NCAA has ambitious bubble plans for Season 96; UAAP targets September opening
The National Collegiate Athletic Association (NCAA) plans to stage its next season in a bubble, and has asked the advice of Philippine Basketball Association (PBA) on how they pulled it off.
Officials of the NCAA had a meeting with PBA commissioner Willie Marcial on Thursday to obtain some valuable pointers on how to hold its 96th season next year in a contained environment amid the threat of COVID-19.
“We really should be helping each other, we are willing to help not just the NCAA, but any league that reaches out to us,” Marcial said. “We will share our experience; how we ran the tournament under strict health measures.”
The PBA chief also gave out guidelines on testing, practice schedules and teams movements.
Asia’s first pro league wrapped up a historic conference two weeks with Barangay Ginebra winning the most unique Philippine Cup in history.
The NCAA is pushing through with four sports, namely track and field, swimming, basketball and volleyball next year to enable member schools to focus on just a few events.
But before that, the league will hold online events for other sports, according to the NCAA management committee.
Management committee head Fr. Vic Calvo of host Colegio de San Juan de Letran said they are also finalizing the TV coverage plans, which touches off a five-year deal with GMA 7.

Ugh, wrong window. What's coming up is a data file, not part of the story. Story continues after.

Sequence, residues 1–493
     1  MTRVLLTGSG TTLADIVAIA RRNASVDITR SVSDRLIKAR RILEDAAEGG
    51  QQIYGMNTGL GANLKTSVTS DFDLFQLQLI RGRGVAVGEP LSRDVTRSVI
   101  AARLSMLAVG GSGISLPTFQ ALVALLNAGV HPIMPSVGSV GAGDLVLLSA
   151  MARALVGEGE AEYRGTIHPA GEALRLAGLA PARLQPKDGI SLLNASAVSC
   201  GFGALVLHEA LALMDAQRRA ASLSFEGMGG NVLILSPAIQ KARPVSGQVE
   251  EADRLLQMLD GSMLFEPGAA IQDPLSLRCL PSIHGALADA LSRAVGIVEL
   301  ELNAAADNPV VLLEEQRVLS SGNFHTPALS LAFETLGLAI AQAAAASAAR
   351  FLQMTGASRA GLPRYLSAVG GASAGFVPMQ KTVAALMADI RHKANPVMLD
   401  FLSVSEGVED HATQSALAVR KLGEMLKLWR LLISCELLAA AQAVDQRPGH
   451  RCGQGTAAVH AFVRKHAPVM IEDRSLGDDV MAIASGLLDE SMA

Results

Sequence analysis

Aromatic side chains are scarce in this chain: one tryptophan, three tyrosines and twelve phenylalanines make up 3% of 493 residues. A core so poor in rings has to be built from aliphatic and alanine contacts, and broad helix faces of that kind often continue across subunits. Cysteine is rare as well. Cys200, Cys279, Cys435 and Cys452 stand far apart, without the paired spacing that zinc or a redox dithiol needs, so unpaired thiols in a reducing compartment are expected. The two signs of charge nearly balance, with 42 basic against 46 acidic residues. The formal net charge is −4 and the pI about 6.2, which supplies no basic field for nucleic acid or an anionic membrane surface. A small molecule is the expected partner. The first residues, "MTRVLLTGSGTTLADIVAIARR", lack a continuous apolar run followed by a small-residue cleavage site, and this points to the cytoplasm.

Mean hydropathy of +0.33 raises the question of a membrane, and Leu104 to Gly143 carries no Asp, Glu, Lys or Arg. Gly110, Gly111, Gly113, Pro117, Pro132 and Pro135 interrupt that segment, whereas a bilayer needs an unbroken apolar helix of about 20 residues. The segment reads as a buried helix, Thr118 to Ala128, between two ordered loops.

Meanwhile, the rival University Athletic Association of the Philippines (UAAP) also on Thursday inked a similar five-year deal with Cignal, which will telecast its games over One Sports starting with the opening of Season 84 in September, if the health situation improves.
“Our target will be the default traditional opening of September 2021,” said lawyer Rebo Saguisag, the UAAP executive director. “That is if the vaccines are here or the situation has improved. So that’s our target.”
Telecommunications tycoon Manny V. Pangilinan said he and his group will try to procure COVID-19 vaccines for the student-athletes of the UAAP if it becomes available.
“If we could procure a vaccine, we will try to get for you … we could certainly allocate some to the UAAP,” Pangilinan said. —With a report from Bong Lozada
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